Chapter5: Income Measurement and Profitability Analysis
Part A: Revenue Recognition
In Chapter 4 we discussed the nature of income and its presentation in the income statement. In this chapter we turn our attention to the measurement of periodic accounting income. Of primary interest here is the timing of revenue recognition. This is an important issue not only in its own right but also because, according to the matching principle, expenses should be recognized in the period in which the related revenues are recognized, so the timing of revenue recognition affects the timing of some expense recognition.
What is revenue? According to the FASB, “Revenues are inflows or other enhancements of assets of an entity or settlements of its liabilities (or a combination of both) from delivering or producing goods, rendering services, or other activities that constitute the entity's ongoing major or central operations.”1 In other words, revenue tracks the inflow of net assets that occurs when a business provides goods or services to its customers.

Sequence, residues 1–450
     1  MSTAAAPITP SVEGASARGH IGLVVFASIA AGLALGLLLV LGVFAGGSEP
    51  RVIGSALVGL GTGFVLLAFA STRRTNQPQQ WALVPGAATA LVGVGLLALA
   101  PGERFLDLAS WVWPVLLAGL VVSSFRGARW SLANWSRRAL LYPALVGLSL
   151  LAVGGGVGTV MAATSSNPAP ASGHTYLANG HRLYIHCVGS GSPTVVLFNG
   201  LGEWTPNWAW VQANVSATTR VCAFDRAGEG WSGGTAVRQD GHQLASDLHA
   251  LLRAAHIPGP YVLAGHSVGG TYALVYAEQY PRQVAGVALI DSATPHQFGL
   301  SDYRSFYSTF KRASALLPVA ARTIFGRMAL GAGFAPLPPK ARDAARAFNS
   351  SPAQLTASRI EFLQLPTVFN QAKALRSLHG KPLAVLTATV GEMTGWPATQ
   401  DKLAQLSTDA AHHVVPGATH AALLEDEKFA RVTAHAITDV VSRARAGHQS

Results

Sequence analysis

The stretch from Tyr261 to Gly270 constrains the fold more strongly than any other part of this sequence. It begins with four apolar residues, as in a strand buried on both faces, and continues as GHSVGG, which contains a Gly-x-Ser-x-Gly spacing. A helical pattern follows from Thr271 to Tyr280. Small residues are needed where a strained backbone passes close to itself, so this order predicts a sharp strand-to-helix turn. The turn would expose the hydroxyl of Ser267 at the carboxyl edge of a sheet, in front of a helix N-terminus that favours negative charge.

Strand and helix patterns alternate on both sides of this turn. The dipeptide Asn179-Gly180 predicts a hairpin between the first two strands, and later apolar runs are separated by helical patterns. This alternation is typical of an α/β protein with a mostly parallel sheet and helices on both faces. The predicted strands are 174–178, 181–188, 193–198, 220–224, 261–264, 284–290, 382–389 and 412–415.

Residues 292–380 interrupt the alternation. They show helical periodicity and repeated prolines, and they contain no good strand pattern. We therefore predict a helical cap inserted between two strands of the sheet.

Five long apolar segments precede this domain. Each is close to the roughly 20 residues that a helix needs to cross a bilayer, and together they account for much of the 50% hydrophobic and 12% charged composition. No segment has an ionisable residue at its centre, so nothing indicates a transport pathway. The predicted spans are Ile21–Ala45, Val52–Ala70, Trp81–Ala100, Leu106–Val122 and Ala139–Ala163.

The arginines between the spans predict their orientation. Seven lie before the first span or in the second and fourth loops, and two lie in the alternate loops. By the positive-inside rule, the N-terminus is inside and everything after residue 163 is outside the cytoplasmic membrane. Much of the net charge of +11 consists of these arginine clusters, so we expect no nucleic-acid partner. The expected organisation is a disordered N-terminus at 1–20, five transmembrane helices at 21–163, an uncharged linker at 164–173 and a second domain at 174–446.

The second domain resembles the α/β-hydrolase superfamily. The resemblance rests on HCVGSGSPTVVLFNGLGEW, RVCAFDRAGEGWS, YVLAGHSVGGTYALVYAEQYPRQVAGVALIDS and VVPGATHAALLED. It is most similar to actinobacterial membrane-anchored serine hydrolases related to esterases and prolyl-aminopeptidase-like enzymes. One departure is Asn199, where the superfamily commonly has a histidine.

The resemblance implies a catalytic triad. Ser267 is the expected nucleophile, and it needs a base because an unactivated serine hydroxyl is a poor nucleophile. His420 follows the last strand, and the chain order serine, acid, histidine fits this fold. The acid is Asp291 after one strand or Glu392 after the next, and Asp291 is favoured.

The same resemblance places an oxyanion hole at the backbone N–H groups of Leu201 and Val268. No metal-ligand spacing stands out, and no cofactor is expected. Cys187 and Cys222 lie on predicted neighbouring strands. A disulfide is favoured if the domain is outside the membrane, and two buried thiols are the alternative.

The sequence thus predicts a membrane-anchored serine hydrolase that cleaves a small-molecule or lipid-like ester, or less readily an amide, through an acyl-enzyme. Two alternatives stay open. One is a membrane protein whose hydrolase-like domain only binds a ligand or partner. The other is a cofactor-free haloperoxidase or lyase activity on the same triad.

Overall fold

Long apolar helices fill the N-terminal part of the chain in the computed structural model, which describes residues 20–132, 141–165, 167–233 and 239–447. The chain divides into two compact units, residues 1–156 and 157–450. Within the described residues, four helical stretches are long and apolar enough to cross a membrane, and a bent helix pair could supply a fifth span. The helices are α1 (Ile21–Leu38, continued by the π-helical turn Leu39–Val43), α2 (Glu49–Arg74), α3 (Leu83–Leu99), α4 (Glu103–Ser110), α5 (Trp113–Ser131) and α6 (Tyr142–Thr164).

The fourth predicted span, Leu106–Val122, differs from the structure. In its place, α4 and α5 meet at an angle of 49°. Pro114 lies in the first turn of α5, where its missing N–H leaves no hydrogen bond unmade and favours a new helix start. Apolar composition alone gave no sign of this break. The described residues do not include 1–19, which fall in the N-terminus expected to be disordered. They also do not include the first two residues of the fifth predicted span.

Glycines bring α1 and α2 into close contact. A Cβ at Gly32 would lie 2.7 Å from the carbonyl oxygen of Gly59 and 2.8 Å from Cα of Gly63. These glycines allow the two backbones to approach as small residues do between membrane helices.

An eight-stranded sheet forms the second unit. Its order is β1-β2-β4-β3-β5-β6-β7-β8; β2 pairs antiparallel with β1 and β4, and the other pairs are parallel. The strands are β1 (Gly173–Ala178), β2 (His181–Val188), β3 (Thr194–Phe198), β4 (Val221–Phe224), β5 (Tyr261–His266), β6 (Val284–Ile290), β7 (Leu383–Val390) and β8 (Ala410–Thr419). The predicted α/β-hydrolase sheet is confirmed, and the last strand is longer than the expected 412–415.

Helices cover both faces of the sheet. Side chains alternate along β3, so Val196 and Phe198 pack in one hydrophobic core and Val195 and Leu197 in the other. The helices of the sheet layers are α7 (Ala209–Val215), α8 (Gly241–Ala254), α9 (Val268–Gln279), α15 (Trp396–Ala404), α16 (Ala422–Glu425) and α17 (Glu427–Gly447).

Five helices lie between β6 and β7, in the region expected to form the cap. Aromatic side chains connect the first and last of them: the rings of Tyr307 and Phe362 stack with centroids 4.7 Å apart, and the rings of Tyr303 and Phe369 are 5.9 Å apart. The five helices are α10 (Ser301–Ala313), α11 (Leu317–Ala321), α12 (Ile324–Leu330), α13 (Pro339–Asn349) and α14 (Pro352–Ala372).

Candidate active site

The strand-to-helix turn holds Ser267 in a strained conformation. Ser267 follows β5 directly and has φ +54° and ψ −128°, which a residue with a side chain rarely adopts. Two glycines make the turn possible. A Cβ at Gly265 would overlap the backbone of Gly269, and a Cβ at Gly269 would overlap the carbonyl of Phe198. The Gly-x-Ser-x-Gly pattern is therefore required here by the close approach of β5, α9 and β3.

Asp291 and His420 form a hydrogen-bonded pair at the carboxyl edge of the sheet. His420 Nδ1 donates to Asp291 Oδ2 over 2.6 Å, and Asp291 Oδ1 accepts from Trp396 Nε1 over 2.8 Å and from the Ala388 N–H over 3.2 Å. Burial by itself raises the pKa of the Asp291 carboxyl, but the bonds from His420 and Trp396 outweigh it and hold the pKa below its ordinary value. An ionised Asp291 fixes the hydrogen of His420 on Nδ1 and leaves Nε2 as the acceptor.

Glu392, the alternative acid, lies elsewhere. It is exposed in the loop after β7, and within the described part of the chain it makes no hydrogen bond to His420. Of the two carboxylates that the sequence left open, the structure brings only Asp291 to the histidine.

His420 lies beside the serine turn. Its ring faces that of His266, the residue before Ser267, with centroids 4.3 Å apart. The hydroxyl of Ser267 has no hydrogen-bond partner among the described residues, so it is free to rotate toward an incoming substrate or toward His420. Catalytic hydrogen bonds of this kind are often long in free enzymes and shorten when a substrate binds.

Our objective, then, is to recognize revenue in the period or periods that the revenue-generating activities of the company are performed. But we also must consider that recognizing revenue presumes that an asset (usually cash) has been received or will be received in exchange for the goods or services sold. Our judgment as to the collectibility of the cash from the sale of a product or service will, therefore, affect the timing of revenue recognition. These two concepts of performance and collectibility are captured by the general guidelines for revenue recognition in the realization principle.